Popular technology news and review website CNET faced the threat of having a million users’ data exposed this week, with an unknown attacker posting screenshots of data from a CNET server, and demanding a surprisingly small ransom…
Popular technology news and review website CNET faced the threat of having a million users’ data exposed this week, with an unknown attacker posting screenshots of data from a CNET server, and demanding a surprisingly small ransom – one Bitcoin.
A Twitter user naming himself “worm” contacted the site, according to CNET’s Seth Rosenblatt, and said that his group, identified by CNET as Russian hackers, had access to a database of registered user data.
Direct messages sent to CNET claimed that the database leak included email addresses, names and encrypted passwords. An image posted to the site, and shown by Forbes, indicated that the persons responsible could access files on the server.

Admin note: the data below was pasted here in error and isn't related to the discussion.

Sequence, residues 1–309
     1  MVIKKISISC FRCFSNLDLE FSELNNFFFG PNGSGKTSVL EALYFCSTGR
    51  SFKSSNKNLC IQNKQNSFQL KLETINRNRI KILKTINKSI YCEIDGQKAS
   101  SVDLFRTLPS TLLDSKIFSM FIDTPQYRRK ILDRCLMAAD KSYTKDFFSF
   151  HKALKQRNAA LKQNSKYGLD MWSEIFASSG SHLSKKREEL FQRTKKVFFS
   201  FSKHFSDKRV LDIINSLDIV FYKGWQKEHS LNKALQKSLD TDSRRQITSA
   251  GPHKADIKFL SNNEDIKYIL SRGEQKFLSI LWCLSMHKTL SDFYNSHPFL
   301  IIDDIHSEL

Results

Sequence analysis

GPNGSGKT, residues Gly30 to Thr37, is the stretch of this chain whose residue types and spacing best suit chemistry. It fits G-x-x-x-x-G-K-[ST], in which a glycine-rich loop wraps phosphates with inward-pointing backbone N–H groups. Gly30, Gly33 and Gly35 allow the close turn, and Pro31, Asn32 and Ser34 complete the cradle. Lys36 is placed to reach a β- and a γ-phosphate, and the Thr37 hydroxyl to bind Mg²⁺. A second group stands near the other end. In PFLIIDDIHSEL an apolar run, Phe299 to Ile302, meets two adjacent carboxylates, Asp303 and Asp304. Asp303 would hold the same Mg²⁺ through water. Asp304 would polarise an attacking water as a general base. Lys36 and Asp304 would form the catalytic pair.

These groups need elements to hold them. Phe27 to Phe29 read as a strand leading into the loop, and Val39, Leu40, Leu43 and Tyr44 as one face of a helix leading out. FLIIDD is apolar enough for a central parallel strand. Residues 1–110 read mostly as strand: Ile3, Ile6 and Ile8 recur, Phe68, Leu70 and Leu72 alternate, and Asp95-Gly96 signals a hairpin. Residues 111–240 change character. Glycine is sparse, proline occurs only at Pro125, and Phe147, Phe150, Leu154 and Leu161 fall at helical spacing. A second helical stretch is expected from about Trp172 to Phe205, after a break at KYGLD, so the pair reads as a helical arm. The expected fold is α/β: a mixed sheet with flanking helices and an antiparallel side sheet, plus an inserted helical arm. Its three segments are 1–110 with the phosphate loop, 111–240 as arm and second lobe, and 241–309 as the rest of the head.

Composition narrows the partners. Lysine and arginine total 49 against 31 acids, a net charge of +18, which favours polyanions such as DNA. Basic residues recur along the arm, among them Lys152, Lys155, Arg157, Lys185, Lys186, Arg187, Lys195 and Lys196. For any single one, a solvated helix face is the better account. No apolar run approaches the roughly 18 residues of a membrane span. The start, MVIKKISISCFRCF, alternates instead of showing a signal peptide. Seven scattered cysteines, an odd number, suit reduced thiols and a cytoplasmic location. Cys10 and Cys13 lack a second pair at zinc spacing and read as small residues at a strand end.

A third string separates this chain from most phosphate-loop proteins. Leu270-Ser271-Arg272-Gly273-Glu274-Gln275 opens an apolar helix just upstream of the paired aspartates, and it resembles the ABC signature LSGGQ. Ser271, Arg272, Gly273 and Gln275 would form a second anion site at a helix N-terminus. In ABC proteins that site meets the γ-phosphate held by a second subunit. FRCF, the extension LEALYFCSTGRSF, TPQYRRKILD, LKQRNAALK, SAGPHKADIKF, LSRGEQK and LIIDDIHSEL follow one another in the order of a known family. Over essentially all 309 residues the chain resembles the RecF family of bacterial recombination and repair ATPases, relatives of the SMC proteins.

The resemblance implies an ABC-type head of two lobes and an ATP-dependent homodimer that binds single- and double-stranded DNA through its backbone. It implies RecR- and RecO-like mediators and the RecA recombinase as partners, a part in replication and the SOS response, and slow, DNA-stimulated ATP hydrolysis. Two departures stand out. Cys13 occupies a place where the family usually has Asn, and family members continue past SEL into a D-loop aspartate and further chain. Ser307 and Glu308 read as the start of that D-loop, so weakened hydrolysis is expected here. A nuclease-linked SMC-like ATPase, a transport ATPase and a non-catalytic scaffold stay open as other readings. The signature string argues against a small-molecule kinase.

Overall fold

Database leak – ‘users safe for now’
“Worm” avoided giving details of the exploit in his communication with the site – which Beta News suggests should be reassuring to CNET users. Neither the database details nor the means of getting to them have been leaked thus far.
Beta News quotes Worm’s response as “But I principled that something would not sell it if rasprostronenie [distribute] source code — a step to improve safety. SNET [sic] sale bd for me crime, information about the sale move to the aggravation of the situation around hacking”.
Security news reports on the incident have offered several explanations for how Worm could have accessed the data. The Twitter messages suggested that the same group had been behind attacks on high-profile targets such as Bank of America, Adobe and the BBC, according to the BBC’s report.
Group ‘behind high-profile attacks’
The person or group claimed that the demand for one Bitcoin (valued at $622, via xe.com) was merely designed to increase security news publicity for the database leak. The BBC reports that the group said, via direct message, “[W]e are driven to make the Internet a better and safer [place] rather than a desire to protect copyright.”
Forbes reports that Jenn Boscacci, senior manager of corporate communications at CNET, said, ““Here’s the situation, a few servers were accessed. We identified the issue and resolved it yesterday. We will continue to monitor.”